Many people here still figure pissing off the Chinese is basically cost-free, because a lot of Japanese don't grasp what's at stake and how weak their position is. In the stand-off over oil deposits in NE Asia, I should think China has the better hand in the game. The US is unlikely to step in if an Abe or Aso regime provokes a determined and unilateral move by the Chinese. The issues concerning international maritime boundaries over here are too murky to sell bodybags to the US public and the Iraq debacle is likely to make people want to stay out of stuff the isolationists (in the US) could blame on the Abe-Aso-Koizumi approach. In a real stand-off, the Japanese would almost fold first, as most people wisely would not have the stomach to risk this going to a fight. Rich countries only go to war if they're sure they can wipe the floor with the enemy. So the nationalists here dream they're holding a royal flush when in fact their so-called buddies the Bushies have merely plopped their hand in a pot of lukewarm water. Waking up is so hard to do...
China exports coal and Japan imports coal. If China wants to screw up Japan, it just has to stop exporting coal and watch the price soar.
In military terms, though, Japan can basically shut down China's infrastructure because the Japanese technology base is so much higher. They have far more fissionable materials, too.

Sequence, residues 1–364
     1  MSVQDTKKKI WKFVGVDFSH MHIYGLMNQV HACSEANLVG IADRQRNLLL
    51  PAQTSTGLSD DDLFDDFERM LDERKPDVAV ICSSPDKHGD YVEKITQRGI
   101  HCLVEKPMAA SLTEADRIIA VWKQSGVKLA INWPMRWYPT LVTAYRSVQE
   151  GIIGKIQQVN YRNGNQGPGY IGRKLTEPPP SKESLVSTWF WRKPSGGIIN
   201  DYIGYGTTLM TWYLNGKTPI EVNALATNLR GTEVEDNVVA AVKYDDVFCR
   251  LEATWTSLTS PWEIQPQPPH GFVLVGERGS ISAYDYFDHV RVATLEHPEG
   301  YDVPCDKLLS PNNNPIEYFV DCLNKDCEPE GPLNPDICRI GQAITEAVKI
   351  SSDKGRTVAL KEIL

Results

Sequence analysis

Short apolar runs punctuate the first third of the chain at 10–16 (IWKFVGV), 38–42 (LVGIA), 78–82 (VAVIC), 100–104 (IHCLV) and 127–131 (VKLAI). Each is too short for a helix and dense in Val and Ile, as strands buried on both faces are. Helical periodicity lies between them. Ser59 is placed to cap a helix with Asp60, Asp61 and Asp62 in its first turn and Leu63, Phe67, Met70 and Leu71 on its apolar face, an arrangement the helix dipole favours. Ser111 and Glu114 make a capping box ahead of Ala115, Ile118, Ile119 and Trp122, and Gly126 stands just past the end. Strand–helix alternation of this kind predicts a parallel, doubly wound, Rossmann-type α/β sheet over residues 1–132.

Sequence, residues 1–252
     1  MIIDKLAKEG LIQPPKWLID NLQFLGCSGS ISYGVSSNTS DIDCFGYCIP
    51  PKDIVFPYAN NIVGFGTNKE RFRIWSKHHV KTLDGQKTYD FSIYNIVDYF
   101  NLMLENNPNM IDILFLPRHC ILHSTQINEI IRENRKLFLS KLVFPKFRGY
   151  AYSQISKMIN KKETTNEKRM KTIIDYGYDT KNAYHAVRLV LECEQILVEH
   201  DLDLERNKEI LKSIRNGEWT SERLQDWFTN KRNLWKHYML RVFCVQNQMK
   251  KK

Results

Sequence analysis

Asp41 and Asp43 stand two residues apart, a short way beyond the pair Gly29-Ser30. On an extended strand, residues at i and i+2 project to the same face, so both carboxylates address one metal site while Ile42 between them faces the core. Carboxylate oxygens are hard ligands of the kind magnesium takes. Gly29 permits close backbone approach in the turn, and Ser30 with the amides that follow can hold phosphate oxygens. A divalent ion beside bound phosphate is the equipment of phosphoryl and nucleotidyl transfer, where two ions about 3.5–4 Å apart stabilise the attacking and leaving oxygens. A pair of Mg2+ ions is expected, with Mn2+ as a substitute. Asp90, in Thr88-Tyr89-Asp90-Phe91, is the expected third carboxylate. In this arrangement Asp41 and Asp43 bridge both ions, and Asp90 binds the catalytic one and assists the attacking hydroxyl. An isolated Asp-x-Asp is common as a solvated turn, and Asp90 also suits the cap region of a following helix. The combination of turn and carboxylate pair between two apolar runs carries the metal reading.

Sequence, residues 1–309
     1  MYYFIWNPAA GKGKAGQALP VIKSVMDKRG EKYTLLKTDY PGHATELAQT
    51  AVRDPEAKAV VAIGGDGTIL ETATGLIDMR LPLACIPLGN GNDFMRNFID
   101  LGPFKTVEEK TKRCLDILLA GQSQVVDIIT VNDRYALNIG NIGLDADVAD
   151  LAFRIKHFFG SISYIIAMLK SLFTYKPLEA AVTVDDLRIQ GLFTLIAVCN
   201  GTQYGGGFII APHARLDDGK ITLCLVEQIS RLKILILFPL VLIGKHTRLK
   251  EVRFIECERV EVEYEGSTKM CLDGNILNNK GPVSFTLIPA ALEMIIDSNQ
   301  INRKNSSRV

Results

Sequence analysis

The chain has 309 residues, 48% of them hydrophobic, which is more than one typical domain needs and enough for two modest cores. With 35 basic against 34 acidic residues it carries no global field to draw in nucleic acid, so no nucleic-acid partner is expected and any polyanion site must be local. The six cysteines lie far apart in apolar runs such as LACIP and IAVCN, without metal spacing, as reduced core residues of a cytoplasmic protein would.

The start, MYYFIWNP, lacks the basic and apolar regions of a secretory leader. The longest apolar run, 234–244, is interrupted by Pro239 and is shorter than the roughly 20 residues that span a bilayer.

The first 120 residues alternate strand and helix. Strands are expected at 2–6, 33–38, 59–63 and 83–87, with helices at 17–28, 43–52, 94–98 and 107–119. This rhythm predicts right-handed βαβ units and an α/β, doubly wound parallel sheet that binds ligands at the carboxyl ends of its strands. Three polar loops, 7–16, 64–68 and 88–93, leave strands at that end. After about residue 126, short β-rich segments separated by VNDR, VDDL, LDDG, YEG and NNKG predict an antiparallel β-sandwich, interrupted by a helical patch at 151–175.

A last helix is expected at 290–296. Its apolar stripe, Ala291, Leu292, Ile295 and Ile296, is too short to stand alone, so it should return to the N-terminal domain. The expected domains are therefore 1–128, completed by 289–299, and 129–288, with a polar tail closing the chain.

An all out thermonuclear war between China and Japan would not cause a nuclear winter crop failure problem if it starts now, though, because it is already winter. We would just have a much colder than usual winter and a late spring. Maybe shift our farm crops a little south.
Japan would probably lose.  They are basically de-militarized.  We forced it on them after they lost WWII, and in return promised to protect them.   Some credit this as one factor behind their economic success.  They had no need to spend money on defense.  

Now, we are trying to get Japan forget the pacifist stuff and take responsibility for defending themselves.  But they know a good thing when they see one, and are resisting.

Japan is far from demilitarized. They are third in total military spending ( see ), some would argue second as they believe the US numbers for China are overstated for obvious reasons. And according to this site ( they have the 20th largest standing army. In short, it is a high tech military that goes by the name of "Self Defense Force." It is one of the best militaries in the world.

I've also read elsewhere (I'd look it up, but it makes perfect sense, so I'll leave that to doubters) that given the Japanese technological infrastructure they are probably only about six weeks away from being able to produce nuclear weapons.

Just thoughts to chew on.

Japan spends 1% of their GDP on the military.  China spends over 4% of their GDP on the military.  (We spend about 3% of our GDP, FWIW.)

I've no doubt Japan could build nukes if they wanted to. It ain't that hard (unfortunately).  Plus, Japan made lots of weapons and sold them to all sides during past conflicts, and they launch satellites and such, so they have the expertise.  And due to their nuclear power plants, they have the materials.